BIRMINGHAM, Ala. (BP) – Pro-life advocates across the nation cheered the U.S. Supreme Court’s recent decision to allow a Texas law banning abortion after six weeks to stand. While the unusual law will undoubtedly face additional legal challenges in the coming weeks and months, it has reduced the number of abortions performed in the nation’s second-largest state significantly for now.
Legal analysts and advocates on both sides of the issue are working overtime to discern what – if anything – this decision means in the greater abortion battle. The Texas law, known as Senate Bill 8, is unique in that it makes everyday citizens the enforcement mechanism for the regulation via civil litigation. That was an intentional and strategic decision on the part of Texas lawmakers, and it seems to have worked to thwart the more common legal challenges to pro-life bills, as least for now.
However, most experts agree that the more substantive judicial decision comes later this year when the Court hears arguments on a case known as Dobbs v. Jackson Women’s Health. The Dobbs case, dealing with a Mississippi law banning elective abortion after 15 weeks, addresses more directly the essential questions surrounding abortion in the U.S. In taking up Dobbs, the Court could overturn Roe v. Wade. It could also render a decision that alters the viability standard established by Planned Parenthood v. Casey, which protects the legal right to abortion before the usual age of viability for most pre-born infants, which is around 24 weeks.
Either way, the legal landscape around the issue of life is changing and may change even more in the coming months.
As Southern Baptists, we have long been committed to protecting the unborn based on the biblical truth that all people, regardless of age, are created in the image of God. We rejoice to think of the lives that these legal changes may save. But changes to federal laws do not mean that our work to promote a culture of life is finished. It merely signals that the venues and strategies change.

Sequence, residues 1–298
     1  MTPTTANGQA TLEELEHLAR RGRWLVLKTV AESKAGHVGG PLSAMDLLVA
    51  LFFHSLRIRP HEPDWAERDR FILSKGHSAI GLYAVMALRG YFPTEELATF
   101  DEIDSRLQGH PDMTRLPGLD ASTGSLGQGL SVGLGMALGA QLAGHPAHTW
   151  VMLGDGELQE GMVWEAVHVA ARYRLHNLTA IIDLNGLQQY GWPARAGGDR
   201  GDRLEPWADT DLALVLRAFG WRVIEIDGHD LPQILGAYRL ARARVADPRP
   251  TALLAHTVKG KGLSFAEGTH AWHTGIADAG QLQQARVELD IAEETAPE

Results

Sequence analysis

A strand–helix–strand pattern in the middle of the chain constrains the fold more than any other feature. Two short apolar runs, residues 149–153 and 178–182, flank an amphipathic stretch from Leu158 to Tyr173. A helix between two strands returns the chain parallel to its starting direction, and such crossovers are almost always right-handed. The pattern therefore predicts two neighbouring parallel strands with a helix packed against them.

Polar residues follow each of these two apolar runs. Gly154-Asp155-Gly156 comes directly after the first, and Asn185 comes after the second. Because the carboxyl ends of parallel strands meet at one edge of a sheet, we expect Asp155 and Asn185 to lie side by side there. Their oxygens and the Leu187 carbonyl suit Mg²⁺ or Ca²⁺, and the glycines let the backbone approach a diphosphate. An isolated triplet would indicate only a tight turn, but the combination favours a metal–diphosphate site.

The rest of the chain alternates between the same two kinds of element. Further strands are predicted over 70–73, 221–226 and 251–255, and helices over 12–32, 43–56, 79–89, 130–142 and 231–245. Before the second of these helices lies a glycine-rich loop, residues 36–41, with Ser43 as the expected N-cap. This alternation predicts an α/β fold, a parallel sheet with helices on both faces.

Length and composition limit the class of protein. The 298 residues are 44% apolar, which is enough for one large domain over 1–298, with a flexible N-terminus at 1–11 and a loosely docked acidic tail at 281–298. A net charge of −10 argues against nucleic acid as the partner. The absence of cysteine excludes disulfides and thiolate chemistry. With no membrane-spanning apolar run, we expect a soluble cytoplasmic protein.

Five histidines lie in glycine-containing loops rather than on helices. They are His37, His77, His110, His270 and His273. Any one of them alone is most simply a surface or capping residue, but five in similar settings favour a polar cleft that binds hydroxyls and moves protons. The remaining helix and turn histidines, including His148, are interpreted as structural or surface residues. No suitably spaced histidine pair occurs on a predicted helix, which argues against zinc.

For instance, in states with conservative state legislatures, a Supreme Court decision that overturns Roe would clear a path to eliminate or significantly restrict legal abortion. But states with more aggressively left-leaning legislatures (think New York) may respond by expanding abortion rights, becoming a sort of safe haven for abortion seekers.
What might the church’s new mission look like in a conservative state where abortion is significantly restricted or banned? We will have an opportunity to demonstrate our commitment to valuing life and loving our neighbors by meeting the needs of women facing unplanned pregnancies and their children once born.
Abortion-vulnerable women often face numerous challenges: poverty, lack of family/partner support, housing insecurity, etc. Those circumstances won’t be any less difficult when abortion is illegal in her state, and she carries to term a baby she might have otherwise aborted. Additionally, more children born to mothers in distress will increase the need for families willing to foster or adopt.
There will be a tremendous opportunity for the church to meet women and children in their moment of crisis, offering practical help and the hope of the Gospel, loving both as Christ commands. Our commitment to human flourishing must not stop at the hospital delivery room door.
Conversely, in states with more aggressively left-leaning legislatures, we may see an expansion of abortion rights in response to a new landmark federal decision. These states might feel compelled to “double down” on their commitment to legal abortion, attracting abortion-seeking women from other states.
In these states, our mission may require an even greater effort to offer messaging and services that make women aware of other options like parenting and adoption. Where pro-life advocacy doesn’t have state government support, saving lives will require appealing to individuals in a way that changes hearts and minds.
We rejoice that God is creating pathways for legal changes that may save millions of precious lives in the years to come. Let’s pray that He will also equip us to minister to women and children in ways that communicate His great love for us, and leads each mother and child to new life in Christ, as well.
Dana Hall McCain writes about faith, culture, and public policy for AL.com, the Birmingham News, The Huntsville Times, and the Mobile Press-Register. She is a member of First Baptist Church of Dothan, Ala., and served on the 2021 SBC Committee on Resolutions.